Heaviest rain to hit overnight Wednesday

Attendees at the the Hart vs. Saugus girls soccer game huddle under blankets and umbrellas in the pouring, chilly rain on Tuesday in Newhall. Dan Watson/The Signal
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With the heaviest rain expected Wednesday night — the latest in a series of back-to-back storms this week — first responders are bracing for more flooding, mudslides and more traffic collisions.

Meteorologist Keily Delerme with the National Weather Service office in Oxnard said most of the rain in SCV is expected to fall overnight.

“We are expecting between one and three inches of rain for your area,” she said.”It should start about 7 or 8 (p.m.), with most of the storm happening overnight.”

With that much rain expected, law enforcement officials are making sure motorists know — in advance — to slow down

“Rain is expected to increase by midday on Wednesday and become heavier in the evening and overnight periods,” Shirley Miller, spokeswoman for the Santa Clarita Valley Sheriff’s Station, wrote in a news release issued Wednesday.

“Unfortunately, traffic collisions tend to increase during the wet weather. Slow down. Speed limit signs are designed for ideal conditions… Beware of hydroplaning.”

Miller noted a small increase in the number of incidents earlier this week.

“People,” she said, “tend to drive the same way they do when it’s not raining.”

In one of the many traffic collisions Wednesday, two people were injured when two vehicles collided shortly after 8:35 a.m., on Sierra Highway at Spring Canyon Road.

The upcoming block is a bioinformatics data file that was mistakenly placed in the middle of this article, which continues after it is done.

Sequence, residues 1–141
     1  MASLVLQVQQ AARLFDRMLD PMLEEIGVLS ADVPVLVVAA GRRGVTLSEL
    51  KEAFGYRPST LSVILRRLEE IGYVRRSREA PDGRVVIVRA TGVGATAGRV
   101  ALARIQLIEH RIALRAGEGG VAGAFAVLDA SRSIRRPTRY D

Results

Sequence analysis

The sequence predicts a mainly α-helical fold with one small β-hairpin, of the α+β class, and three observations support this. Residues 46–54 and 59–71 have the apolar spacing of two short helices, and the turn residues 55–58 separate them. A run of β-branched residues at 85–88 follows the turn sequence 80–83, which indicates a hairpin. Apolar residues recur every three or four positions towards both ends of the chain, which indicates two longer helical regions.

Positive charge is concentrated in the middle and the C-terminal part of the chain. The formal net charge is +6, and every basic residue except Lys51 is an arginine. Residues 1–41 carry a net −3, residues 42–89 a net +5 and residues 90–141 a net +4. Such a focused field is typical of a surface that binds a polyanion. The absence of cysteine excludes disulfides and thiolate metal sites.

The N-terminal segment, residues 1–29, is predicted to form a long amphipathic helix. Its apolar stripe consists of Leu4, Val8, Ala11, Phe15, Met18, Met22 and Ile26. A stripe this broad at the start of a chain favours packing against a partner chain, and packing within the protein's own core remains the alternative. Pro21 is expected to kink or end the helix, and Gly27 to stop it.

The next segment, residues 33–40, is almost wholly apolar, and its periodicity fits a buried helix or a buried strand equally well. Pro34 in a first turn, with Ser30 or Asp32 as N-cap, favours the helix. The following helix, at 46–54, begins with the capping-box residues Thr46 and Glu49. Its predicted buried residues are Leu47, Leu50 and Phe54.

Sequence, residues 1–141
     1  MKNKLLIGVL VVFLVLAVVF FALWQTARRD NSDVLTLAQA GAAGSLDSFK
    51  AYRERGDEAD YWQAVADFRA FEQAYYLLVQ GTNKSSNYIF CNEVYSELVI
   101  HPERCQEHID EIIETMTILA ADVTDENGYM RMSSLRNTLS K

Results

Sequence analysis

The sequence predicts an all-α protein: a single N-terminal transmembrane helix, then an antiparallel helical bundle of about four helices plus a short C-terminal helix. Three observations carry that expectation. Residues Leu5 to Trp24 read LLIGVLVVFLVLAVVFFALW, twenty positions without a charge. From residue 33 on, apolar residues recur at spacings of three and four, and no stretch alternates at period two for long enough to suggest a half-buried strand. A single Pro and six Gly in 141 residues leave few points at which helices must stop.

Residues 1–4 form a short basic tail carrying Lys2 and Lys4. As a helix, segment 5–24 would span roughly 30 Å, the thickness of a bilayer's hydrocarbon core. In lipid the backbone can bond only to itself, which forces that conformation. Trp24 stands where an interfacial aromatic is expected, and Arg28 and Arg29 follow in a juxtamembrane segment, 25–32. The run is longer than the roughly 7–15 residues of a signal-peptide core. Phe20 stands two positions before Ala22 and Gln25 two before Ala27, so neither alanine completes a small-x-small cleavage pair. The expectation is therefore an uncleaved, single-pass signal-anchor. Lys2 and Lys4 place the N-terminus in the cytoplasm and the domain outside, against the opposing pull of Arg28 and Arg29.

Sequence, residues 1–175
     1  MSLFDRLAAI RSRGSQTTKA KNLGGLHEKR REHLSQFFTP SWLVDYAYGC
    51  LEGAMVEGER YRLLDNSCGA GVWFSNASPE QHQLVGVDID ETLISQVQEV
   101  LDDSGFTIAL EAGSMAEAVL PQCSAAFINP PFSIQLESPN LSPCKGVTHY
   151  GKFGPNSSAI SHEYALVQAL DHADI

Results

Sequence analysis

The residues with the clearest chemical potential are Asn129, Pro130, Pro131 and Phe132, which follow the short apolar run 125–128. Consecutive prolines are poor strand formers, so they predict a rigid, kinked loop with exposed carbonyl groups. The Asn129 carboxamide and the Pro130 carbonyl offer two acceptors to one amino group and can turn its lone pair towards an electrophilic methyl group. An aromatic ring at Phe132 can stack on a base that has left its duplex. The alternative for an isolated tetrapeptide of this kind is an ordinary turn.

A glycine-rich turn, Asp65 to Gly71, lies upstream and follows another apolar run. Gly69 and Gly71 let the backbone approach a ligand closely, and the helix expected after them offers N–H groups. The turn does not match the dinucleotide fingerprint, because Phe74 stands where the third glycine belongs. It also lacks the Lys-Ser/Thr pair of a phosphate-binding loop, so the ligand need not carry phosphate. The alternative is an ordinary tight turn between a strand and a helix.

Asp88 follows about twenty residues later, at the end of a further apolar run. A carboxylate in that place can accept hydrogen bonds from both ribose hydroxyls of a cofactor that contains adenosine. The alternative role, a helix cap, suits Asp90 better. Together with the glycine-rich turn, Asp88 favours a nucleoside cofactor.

In that crash, a truck overturned, trapping at least one occupant inside it, said Vanessa Lozano, spokeswoman for the Los Angeles County Fire Department.

Firefighters dispatched to the crash had to free the trapped occupant from the wreckage, she said.

Both injured patients were taken to the hospital.

“When a vehicle is travelling too fast in wet or flooded conditions, the tires of the vehicle cannot displace the water fast enough, and the vehicle is actually driving on top of the water, and getting no traction whatsoever,” Miller said Wednesday. This causes the vehicle to drift or skid uncontrollably.

“Try to avoid curb lines as this is where water usually accumulates the most,” she added. “If you do experience hydroplaning, take your foot off the accelerator and steer in the direction of the skid until your car has slowed enough to regain traction. Do not slam on the brakes, as this may cause your vehicle to skid even worse and give you little to no control.”

If you are driving in inclement weather requiring your windshield wipers to be activated, you are also required to have your headlights on, per California Vehicle Code, 24400(b).

This is to make you more visible to other drivers. Another caution was to remember at the end of your drive to turn off your headlights, so you don’t return to your car with a dead battery.

When driving, stay alert to any road hazards. Stormy weather can cause power lines to fall. This can create hazards – electrifying puddles, wet grass and the surrounding area. Don’t touch anyone or anything in contact with a downed power line.

Other cautionary notes shard by Miller included one about power lines: “Always assume downed power lines are energized and dangerous.”.

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